The Silver Dollar City Foundation is a nonprofit organization dedicated to helping families grow closer together in the communities of Stone and Taney counties. The Silver Dollar City Foundation was incorporated as a 501c(3) private foundation in December of 1996, providing grants to support youth and adult ministry programs and projects strengthening families.

The Foundation provides leadership, financial and mentoring support, and coordination to programs community wide. A major project is Care For Kids, the Foundation’s program to meet the physical needs of area kids in partnership with 14 school districts. The Silver Dollar City Foundation is coordinated by President John Baltes. Foundation projects are supported by the Silver Dollar City Attractions in Branson, Missouri: Silver Dollar City, the Showboat Branson Belle and White Water, all part of Herschend Family Entertainment Corporation.

We would love for you to learn more about the Foundation. Please enjoy the Foundation’s videos, radio broadcasts and program updates.

Learn about Foundation projects such as Care For Kids and Parents As Teachers.


"I have been a teacher, coach, principal and Superintendent of schools and have seen how much teachers and other adults can influence students. Sometimes all a child needs to blossom is a few words of encouragement from a friend, parent or other adult. I enjoy working with students in the capacity of mentor because it is non-threatening to them and they will ask for help in that situation."

— Blue Eye Schools Mentor

"One girl came to where I work, not even knowing to look for me. When we both recognized each other it was a wonderful reunion. As we filled her mother in as to how we knew each other she shared how much my help meant to the two of them. She said her daughter had struggled with math and had prayed for someone to help her. How indescribable to know that I was an answer to her prayer! What other confirmation did I need that what I was doing was exactly what God wanted me doing?"

— Branson Schools Mentor

"It makes me happy when she comes because mom can’t come here and I might be the only one sometimes whose parents aren’t at school. She always brightens my day."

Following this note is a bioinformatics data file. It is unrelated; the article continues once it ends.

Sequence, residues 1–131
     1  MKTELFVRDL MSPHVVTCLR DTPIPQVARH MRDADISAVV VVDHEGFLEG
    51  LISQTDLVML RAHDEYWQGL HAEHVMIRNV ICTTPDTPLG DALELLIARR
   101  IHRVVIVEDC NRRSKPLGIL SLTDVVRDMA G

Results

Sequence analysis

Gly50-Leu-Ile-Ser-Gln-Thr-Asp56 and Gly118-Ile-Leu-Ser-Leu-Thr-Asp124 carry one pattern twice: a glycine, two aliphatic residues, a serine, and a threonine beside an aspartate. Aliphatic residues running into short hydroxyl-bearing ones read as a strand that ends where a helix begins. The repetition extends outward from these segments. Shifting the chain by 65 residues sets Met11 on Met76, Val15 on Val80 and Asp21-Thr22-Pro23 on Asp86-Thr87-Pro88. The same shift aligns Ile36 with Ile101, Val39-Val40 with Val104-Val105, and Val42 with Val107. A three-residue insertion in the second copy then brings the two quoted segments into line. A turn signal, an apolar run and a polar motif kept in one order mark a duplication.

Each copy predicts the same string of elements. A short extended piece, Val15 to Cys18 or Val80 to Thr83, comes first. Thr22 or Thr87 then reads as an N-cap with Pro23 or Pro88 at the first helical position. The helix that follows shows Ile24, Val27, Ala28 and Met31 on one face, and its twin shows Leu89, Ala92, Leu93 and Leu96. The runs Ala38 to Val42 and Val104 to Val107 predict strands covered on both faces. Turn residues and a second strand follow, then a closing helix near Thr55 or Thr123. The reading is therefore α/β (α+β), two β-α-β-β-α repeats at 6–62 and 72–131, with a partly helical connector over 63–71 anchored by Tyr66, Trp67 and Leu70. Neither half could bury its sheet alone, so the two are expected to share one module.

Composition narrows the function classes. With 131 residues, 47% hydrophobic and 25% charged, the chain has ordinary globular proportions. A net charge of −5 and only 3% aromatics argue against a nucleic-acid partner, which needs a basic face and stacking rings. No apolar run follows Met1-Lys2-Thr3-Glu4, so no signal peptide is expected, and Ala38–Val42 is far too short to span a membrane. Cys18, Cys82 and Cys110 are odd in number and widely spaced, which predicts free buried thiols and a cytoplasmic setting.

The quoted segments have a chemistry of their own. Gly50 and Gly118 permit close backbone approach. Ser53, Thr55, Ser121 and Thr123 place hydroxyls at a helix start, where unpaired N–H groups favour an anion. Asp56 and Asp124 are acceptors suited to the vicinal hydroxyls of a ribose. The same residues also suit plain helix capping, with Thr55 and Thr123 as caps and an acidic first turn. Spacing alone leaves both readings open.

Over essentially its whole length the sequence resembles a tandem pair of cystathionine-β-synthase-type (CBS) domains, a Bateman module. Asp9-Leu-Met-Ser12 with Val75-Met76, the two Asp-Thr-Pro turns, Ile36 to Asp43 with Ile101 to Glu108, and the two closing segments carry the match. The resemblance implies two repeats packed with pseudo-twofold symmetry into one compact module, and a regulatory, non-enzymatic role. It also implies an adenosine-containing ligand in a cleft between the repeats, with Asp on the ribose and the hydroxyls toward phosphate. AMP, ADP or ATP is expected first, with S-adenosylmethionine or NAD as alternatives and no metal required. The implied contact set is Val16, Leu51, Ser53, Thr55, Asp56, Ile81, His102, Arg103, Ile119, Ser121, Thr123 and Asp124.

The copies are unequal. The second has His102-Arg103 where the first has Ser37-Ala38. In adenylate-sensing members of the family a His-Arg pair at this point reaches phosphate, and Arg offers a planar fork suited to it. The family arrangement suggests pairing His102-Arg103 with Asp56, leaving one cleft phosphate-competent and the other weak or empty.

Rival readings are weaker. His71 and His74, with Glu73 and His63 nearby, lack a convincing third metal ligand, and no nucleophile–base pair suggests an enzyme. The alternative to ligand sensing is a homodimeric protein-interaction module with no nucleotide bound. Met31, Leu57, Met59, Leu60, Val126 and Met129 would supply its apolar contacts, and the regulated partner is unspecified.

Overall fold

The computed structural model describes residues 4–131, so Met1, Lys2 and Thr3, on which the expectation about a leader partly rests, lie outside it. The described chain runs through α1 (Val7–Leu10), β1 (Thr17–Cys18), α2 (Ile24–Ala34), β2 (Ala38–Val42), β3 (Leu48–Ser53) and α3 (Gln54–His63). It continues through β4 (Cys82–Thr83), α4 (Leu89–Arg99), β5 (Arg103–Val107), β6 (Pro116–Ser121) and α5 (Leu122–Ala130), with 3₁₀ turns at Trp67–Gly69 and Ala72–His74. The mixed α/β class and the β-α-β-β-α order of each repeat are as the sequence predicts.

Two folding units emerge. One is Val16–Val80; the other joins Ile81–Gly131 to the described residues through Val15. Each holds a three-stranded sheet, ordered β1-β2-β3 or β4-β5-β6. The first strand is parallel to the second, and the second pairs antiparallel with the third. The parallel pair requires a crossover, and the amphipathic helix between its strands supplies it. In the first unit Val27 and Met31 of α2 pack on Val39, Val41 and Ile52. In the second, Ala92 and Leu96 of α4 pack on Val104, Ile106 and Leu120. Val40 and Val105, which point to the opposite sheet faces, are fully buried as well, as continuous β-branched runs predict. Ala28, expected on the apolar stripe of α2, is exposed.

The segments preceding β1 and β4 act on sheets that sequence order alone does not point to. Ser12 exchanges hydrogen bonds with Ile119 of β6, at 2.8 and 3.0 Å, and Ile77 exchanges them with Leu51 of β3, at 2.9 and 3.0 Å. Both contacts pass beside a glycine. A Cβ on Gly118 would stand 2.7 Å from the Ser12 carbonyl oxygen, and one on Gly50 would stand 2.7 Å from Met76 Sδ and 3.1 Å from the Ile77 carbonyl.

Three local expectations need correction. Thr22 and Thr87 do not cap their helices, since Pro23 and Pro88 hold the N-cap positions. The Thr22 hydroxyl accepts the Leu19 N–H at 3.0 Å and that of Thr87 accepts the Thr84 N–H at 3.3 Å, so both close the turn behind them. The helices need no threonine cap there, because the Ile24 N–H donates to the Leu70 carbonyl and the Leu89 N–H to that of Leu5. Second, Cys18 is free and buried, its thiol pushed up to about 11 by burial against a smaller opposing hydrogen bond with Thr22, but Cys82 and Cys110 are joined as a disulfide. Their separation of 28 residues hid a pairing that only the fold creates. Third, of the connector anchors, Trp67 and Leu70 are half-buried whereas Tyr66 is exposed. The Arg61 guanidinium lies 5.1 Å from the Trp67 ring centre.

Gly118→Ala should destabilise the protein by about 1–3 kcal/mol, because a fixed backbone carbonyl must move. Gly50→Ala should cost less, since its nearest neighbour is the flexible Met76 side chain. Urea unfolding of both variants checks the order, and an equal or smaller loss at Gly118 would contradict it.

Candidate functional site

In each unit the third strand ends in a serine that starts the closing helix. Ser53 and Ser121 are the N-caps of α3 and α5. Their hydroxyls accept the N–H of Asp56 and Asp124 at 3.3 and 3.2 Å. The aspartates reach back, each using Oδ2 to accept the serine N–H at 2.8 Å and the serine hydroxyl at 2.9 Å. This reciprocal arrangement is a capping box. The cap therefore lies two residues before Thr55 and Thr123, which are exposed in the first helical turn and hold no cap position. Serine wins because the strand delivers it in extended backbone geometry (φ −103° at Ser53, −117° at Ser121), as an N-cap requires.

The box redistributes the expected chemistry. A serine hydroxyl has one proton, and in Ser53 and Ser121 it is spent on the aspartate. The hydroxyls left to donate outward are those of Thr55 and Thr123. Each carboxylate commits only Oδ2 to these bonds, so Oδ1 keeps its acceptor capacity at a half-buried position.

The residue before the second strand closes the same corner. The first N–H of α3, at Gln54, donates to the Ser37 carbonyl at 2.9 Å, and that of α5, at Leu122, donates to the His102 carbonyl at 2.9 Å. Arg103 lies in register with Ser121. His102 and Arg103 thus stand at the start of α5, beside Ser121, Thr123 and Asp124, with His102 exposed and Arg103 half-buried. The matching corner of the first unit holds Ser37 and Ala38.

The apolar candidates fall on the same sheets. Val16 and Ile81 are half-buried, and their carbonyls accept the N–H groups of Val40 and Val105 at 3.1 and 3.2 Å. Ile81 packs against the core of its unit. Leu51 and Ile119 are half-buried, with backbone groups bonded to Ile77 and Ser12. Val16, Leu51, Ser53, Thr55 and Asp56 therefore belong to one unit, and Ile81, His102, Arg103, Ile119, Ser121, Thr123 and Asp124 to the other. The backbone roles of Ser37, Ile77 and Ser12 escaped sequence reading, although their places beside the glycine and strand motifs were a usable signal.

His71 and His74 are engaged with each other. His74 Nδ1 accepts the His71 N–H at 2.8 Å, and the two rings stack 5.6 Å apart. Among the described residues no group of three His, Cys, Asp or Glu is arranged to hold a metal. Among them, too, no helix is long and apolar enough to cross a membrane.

— Fourth Grade Student, Branson Elementary School

"I have seen dramatic improvements in students in reading comprehension and mathematics from having a mentor. One of my below-grade-level students improved in reading to grade level and exceeded in math to above grade level. The one-on-one also builds bonds of trust and friendship between the student and mentor. The examples that the mentors set of selfless devotion to the students gives the students a feeling that the community cares about them and their education."

— Fourth Grade Teacher, Blue Eye Elementary School

"I wanted to let you know that I had one of my students who has faced MANY hardships in his young life show up to school wearing a shoe on his left foot different than the style he was wearing on his right foot so obvious as one was black/grey and the other white. Please know that Care for Kids saves me from being overwhelmed with the difficulties my students have to overcome. I was able to go get the boy a pair of shoes. Why should not matching shoes break my heart? I guess it symbolizes all that I want to spare students from, a life of chaos and obvious need. Thank you…"

— Grant Boyer, Forsyth Assistant Superintendent

"So many of the children don’t have the ability to thank you for the compassion that has been showered upon them during the past four years through the Silver Dollar City Foundation and the Care For Kids program. I wanted to share with you the heartfelt thanks they demonstrate through smiles, increased attention spans, better grades and improved attitudes. The biggest demonstration of their gratefulness comes when they just get to act like children without the weight of worry and frustration resulting from unmet physical needs."